Kiev Day 4: Macho Men

It is so cold! It has been overcast but the forecast says it will be sunny today. I am still wrapped up in my scarf and my woolly hat.

At the market at St Sophia I was tempted to buy one of the second-hand Ushanka or Russian fur hat as worn by Dr Zhivago, but something got the better of me. It was probably the shake of her head and the look on Sasha’s face. I would like to think it was because she was being responsible as it was expensive on a stretched budget. I can’t believe it was because she thought I looked stupid in it. I thought it was quite fetching especially with the red star of the Russian Army on the front and the ear flaps pulled down.

I have not made a point of watching the men as we walk around town, but I can’t remember seeing any of the local men wearing a Ushanka. What I have recognised is that the men in eastern Europe are far more Macho, at least in appearance, than those back home. It is hard to ignore.

Of course, their gang leader is President Putin. Half of every photo we see of him, he is stripped to the waist, riding a horse, cutting wood in a forest, or dipping in cold water as part of the Eucharist celebrations. His macho image is portrayed across all Russia and is the basis of his election success. While the West may not like him, he has the significant support of many Russians.  He has far more support among Russians than Trump has among Americans.

Maybe it is not surprising that football hooliganism is now most prevalent in Eastern Europe, and there are already fan warnings for the World Cup in Russia this summer. It was the Russian gangs that clashed with English fans in Marseilles during the Euros.

Men and machines always drives macho behaviour and so it is in Kiev with the taxis. Drivers in Kiev, and particularly those steering a taxi, add more than just a sprinkling of macho spice as they ignore traffic lights, cut across oncoming traffic and accelerate as if they were in F1.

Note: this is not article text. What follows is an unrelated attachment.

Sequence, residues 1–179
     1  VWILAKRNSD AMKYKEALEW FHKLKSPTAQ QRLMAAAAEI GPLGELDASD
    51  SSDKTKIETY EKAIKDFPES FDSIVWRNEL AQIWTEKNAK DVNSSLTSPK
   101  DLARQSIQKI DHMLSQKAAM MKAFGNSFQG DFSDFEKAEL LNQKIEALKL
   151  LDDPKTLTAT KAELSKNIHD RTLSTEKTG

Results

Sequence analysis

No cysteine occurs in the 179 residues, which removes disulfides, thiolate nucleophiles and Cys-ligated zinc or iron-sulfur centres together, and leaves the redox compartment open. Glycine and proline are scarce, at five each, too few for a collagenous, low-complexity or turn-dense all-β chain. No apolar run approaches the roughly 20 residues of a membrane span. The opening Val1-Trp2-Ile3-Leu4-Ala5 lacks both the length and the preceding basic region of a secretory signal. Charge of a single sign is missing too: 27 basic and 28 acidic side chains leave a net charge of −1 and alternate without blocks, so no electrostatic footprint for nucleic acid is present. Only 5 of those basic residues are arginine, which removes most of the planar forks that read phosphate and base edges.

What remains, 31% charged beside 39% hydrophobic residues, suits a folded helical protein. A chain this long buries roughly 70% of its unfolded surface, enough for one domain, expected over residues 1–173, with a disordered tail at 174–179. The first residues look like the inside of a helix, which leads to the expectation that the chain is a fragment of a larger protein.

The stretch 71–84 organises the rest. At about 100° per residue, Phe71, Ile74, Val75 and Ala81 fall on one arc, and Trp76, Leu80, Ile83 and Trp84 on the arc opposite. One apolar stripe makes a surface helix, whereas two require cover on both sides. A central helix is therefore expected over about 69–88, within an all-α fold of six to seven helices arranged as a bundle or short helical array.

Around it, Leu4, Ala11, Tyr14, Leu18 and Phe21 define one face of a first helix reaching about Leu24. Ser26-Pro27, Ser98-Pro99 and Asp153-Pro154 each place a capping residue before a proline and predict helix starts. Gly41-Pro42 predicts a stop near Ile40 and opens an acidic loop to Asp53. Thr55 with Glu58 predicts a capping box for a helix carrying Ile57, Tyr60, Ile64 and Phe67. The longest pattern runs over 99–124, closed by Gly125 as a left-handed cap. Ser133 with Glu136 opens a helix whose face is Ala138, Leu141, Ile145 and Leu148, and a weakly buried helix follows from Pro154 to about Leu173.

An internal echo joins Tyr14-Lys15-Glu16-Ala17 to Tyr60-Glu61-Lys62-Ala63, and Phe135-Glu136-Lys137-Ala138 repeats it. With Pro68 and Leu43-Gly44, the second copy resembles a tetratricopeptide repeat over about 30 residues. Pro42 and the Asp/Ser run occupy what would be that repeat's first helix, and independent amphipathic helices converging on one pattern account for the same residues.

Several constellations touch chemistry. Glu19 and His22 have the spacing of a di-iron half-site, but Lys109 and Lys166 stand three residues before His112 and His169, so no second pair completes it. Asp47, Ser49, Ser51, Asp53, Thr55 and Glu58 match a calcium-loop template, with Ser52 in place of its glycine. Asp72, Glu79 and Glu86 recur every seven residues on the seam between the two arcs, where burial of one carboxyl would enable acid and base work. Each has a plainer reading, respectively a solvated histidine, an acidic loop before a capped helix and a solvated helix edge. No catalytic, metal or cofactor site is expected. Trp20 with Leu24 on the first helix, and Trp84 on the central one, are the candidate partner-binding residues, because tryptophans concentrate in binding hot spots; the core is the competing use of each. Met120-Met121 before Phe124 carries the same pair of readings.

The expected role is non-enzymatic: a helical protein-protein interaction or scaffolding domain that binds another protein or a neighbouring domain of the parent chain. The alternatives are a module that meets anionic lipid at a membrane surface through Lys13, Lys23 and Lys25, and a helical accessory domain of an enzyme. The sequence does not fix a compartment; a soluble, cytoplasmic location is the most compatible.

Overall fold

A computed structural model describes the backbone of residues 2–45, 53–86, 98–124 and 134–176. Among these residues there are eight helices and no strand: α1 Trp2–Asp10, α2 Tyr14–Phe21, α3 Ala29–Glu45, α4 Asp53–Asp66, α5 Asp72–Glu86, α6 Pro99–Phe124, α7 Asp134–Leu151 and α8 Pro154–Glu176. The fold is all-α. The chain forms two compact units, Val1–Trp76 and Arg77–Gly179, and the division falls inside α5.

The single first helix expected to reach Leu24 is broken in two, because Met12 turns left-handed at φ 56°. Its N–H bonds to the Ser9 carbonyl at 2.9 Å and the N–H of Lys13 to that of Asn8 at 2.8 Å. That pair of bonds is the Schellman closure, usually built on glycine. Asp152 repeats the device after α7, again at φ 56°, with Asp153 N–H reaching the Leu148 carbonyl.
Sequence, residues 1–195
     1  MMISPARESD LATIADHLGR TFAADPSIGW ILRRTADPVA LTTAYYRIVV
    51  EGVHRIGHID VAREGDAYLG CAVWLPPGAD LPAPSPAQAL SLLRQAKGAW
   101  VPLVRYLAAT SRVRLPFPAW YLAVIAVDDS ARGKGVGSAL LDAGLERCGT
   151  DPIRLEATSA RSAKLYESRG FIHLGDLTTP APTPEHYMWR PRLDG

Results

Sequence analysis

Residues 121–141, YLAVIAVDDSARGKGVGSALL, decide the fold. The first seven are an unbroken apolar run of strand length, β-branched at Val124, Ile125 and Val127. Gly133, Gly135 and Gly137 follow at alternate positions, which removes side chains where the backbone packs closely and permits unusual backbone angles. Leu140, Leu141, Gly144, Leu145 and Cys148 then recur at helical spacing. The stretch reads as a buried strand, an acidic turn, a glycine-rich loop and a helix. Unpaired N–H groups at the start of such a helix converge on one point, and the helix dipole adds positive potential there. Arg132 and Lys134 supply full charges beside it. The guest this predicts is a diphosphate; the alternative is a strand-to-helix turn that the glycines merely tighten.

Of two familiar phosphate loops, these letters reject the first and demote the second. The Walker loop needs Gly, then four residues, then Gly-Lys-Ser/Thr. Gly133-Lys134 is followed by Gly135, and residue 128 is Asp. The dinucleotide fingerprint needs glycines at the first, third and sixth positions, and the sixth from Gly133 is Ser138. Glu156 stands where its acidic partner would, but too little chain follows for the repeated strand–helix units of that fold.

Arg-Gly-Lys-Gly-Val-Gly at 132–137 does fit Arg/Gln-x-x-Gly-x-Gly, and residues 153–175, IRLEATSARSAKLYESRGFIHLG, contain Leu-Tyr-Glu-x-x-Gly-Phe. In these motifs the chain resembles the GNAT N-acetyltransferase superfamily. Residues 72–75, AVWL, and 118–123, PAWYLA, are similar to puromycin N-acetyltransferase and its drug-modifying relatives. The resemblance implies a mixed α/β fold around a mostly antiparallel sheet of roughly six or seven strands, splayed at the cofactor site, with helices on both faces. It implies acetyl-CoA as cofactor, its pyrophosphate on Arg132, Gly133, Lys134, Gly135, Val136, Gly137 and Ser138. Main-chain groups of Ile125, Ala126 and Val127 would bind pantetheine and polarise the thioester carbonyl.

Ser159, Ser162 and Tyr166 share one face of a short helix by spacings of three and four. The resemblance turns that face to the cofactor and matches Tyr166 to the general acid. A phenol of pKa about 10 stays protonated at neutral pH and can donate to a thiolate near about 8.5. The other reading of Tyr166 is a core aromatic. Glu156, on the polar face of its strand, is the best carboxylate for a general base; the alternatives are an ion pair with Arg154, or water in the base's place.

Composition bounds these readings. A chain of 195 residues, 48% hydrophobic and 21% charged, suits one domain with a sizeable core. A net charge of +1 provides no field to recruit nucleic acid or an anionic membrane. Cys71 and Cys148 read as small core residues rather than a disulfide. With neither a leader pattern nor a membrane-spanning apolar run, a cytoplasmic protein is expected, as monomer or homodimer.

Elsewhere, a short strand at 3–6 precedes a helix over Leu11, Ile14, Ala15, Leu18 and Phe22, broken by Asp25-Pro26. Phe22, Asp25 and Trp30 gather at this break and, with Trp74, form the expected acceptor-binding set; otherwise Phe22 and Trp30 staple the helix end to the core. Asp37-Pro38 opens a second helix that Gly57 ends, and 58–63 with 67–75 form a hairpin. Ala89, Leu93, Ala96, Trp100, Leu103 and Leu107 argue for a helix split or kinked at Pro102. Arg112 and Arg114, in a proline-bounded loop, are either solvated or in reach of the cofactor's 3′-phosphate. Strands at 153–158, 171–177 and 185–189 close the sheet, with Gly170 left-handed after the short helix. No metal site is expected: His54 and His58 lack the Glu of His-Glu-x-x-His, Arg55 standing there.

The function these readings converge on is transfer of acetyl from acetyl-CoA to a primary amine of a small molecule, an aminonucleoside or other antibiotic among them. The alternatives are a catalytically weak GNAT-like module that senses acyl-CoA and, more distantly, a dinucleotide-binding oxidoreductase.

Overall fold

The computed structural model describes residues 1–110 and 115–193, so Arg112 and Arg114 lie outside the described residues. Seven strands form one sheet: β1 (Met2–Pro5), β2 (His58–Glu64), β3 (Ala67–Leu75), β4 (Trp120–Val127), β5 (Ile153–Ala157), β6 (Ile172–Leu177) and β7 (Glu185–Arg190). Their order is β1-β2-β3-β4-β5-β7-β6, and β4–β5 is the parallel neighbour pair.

The one Ukrainian man I have met a few times is Alexander who is Stanislas’ lawyer. He is a mild and thoughtful man as you would expect from a lawyer but when he starts to tell you tales of going into the forest to fish and hunt you know that the Putin’s macho spirit survives beyond Russia’s borders. When the photos he wants to show you on his phone are of guns and not women, grandchildren or cars you know there is a difference.

I wrote yesterday about the modern generation of women and I have asked Sasha her view of the men in her country. She was reluctant to say too much but i will try and press the point and report later.

Of course, another consideration is the attitude towards LGBT. The country is still predominately right wing, by which I mean conservative, in its attitudes. Same sex activity between consenting adults, in private, is legal but same sex couples are ineligible for much of the legal protection offered to heterosexuals. Recent surveys suggest that attitudes are changing but even in 2017 only 56% of Ukrainians think that members of the LGBT community should share equal rights.

While walking around Kiev it is rare to notice explicit LGBT encouragement. It was only last week that I learnt that a restaurant I had used many times was in fact a major meeting place for the lesbian community, something far from obvious while I was sitting there quietly eating a pizza. I don’t know if it was my renowned poor observational skills or just that it was all very low key. Probably both.

There was an example of current attitudes in Lviv last year at an LGBT festival which had to be abandoned when the venue was surrounded by about 200 members of far-right groups shouting “Kill, kill, kill”.

I find that unsurprising from the observed attitude of the men. However, over the last two days I have been writing about war and in particular the ongoing war in the East. As far as I am aware conscription, introduced in 2014, is still active. In those circumstances it is hard to imagine that macho attitudes would reduce or there would be an increased tolerance towards LGBT.

I am sure it will change but it may take a long time. War, a culture of heavy alcohol abuse and history are not the normal diet for change.